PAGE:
Family Matters

Why Kids and Tanning Salons Don’t Mix

Vermont and California are the only two states that ban kids under 18 from using tanning salons. Is it time for more states to follow their lead?

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Whether or not Patricia Krentcil, New Jersey’s newly notorious tanning mom, actually allowed her 6-year-old daughter to be bombarded with ultraviolet radiation at a tanning salon is not yet clear.

Krentcil, who has been charged with second-degree child endangerment, says her daughter, Anna, didn’t enter the tanning booth; she just accompanied her mom to the salon and waited while mom got her UV blast. Anna’s sunburn — which the girl told a school nurse resulted from tanning “with mommy” — suggests otherwise.

What’s pretty clear is that kids and tanning booths don’t mix. Earlier this week, Vermont enshrined that into law, joining California in banning kids under 18 from tanning salons. The American Academy of Pediatrics calls upon pediatricians to support similar legislation in the other 48 states (Howard County, Md., also has a ban in place).

(MORE: Why Teens Sunbathe More, Use Sunscreen Less)

Most states require kids be at least 18 to purchase cigarettes, which are known to cause lung cancer. Health experts say tanning booth access should be similarly regulated, since they’re also a carcinogen: rates of melanoma — the deadliest of the three kinds of skin cancer — are rising, particularly in young women, the same demographic who likes to tan indoors.

“It would be nice if there would be federal legislation, but there is a lot of pressure from the industry,” says Dr. Sophie Balk, a professor of clinical pediatrics at Albert Einstein College of Medicine and the lead author of the AAP’s statement on UV radiation.

According to the policy, pediatricians should advise parents to steer clear of sunburns and suntans:

When feasible, outdoor activities should be planned to limit exposure to peak-intensity midday sun (10 AM to 4 PM). Sunglasses should be worn when working, driving, participating in sports, taking a walk, running errands, or doing anything in the sun.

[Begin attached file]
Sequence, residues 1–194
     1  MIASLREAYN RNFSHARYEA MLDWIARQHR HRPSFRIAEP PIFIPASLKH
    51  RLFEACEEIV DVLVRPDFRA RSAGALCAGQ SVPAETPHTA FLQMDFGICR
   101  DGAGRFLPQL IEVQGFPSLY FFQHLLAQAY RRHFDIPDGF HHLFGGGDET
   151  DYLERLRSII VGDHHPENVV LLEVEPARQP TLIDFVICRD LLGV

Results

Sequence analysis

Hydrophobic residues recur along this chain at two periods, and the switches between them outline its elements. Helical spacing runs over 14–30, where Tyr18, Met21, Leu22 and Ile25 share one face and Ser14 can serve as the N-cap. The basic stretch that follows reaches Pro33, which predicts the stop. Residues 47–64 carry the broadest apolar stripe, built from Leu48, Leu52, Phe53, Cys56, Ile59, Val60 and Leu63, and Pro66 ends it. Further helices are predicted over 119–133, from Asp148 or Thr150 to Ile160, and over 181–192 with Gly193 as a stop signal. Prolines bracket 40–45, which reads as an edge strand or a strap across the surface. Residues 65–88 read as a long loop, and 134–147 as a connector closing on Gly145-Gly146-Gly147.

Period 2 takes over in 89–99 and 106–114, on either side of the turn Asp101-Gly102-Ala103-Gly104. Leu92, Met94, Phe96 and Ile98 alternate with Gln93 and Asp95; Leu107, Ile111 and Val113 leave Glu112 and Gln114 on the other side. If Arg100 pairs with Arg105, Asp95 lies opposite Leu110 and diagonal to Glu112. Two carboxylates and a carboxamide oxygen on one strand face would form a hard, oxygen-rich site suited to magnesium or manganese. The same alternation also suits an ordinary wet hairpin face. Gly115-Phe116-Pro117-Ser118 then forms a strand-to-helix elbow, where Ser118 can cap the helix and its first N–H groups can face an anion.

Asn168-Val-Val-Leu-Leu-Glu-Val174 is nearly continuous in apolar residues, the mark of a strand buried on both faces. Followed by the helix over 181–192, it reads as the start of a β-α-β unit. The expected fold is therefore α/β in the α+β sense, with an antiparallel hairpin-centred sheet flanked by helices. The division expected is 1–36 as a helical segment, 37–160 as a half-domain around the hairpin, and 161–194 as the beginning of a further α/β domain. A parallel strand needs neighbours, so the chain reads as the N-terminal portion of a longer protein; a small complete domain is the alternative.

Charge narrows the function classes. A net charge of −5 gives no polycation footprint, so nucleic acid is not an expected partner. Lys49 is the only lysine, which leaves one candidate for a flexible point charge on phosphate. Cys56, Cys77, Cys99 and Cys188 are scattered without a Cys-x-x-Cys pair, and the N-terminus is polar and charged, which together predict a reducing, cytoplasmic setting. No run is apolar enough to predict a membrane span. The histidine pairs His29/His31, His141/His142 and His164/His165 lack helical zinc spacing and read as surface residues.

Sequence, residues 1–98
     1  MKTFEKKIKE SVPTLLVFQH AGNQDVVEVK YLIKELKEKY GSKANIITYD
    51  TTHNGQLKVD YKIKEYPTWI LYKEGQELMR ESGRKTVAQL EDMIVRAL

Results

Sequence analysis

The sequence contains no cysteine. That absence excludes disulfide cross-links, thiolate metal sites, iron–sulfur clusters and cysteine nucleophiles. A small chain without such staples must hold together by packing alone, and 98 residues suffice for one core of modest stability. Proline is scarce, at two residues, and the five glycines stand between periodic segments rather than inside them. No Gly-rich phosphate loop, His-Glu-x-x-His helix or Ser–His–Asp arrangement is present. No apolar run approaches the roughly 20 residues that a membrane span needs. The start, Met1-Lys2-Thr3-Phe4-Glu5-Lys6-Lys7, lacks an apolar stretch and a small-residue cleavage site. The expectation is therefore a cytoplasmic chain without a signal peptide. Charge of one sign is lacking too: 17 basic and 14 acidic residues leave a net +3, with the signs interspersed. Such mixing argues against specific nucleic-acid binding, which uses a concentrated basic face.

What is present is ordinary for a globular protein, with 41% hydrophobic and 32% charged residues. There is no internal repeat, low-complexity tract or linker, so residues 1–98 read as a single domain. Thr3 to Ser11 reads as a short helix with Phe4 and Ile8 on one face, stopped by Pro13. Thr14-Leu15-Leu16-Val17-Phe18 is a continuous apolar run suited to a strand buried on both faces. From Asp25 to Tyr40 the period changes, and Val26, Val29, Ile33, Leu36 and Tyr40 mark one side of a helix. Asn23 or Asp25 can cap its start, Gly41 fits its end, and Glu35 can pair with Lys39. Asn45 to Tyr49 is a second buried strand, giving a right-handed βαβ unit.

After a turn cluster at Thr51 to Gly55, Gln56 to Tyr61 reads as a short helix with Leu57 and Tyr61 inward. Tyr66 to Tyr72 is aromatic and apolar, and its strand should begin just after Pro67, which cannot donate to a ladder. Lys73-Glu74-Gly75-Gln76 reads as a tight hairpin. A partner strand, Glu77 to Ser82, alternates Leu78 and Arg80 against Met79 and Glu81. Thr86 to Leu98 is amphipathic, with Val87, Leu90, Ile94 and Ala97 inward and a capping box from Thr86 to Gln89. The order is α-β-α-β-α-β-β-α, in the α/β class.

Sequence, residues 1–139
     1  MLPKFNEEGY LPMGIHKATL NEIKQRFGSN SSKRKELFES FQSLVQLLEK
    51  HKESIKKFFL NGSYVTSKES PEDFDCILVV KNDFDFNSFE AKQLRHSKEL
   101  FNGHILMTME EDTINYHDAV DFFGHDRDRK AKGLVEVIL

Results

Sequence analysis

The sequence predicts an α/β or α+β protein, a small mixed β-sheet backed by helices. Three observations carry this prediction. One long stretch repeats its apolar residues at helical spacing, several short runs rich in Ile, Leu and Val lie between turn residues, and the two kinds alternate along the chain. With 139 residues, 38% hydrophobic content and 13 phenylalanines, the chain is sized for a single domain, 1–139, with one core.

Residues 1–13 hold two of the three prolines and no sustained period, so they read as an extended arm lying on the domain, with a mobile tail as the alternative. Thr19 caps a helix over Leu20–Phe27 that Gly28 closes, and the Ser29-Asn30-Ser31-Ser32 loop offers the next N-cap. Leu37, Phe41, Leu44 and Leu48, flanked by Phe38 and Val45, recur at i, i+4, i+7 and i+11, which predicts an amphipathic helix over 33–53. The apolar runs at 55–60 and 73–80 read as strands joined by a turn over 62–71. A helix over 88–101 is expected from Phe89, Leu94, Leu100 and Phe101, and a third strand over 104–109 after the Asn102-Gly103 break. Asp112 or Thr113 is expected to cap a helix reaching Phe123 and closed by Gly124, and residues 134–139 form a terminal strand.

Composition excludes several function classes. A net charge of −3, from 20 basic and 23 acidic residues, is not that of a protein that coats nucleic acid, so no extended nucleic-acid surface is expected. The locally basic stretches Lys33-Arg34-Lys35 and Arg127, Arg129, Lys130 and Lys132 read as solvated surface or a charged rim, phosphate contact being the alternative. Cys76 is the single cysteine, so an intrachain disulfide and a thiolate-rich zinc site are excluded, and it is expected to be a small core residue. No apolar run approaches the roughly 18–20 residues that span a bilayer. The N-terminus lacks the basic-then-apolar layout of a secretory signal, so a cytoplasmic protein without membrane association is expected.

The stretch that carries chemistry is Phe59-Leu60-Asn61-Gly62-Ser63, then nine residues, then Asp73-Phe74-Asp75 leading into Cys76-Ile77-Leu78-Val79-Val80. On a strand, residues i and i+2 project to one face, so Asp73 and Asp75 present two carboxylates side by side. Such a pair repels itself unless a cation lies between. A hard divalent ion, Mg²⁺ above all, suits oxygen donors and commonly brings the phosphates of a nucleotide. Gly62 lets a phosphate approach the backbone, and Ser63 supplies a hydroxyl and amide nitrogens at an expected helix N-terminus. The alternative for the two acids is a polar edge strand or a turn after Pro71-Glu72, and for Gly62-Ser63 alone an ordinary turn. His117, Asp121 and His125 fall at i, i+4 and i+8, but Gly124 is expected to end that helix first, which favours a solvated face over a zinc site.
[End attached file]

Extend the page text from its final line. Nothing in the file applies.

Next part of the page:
Sunscreen should be used when a child or adolescent might sunburn. Sunscreen with an SPF of 15 or higher should be applied every two hours and after swimming, sweating, or drying off with a towel. People may wish to avoid using sunscreens that contain oxybenzone, which may have weak estrogenic effects when absorbed through the skin. However, using sunscreen is recommended to decrease the known risks of sun exposure and sunburning, both of which raise the risk of developing skin cancer.

(MORE: In Young Tanners, Fear of Wrinkling Is Worse than Cancer)

Tanning isn’t good for anyone,” says Balk, who is also an attending pediatrician at Children’s Hospital at Montefiore in New York. “Tanning means there has been DNA damage.”

As for Krentcil — a life-long sun worshipper — she appears to fit the category of “tanorexic,” someone addicted to getting that golden glow.

Tanning addicts continue patronizing tanning salons despite dire warnings from dermatologists about the dangers because they think they look good — and they feel good.

“The feeling good is actually real,” says Dr. T. Byran Karasu, psychiatrist-in-chief at Montefiore Medical Center, who has treated tanning addicts with antidepressants. “Whatever it does, producing endorphins or Vitamin D, people do actually feel good after exposure to sun or sun-like radiation.”

(MORE: Fake Tans Help Keep Women Out of the Sun)

But adults should never be tempted to share the experience — or the good feelings — with children. Says Karasu: “That is child abuse.”

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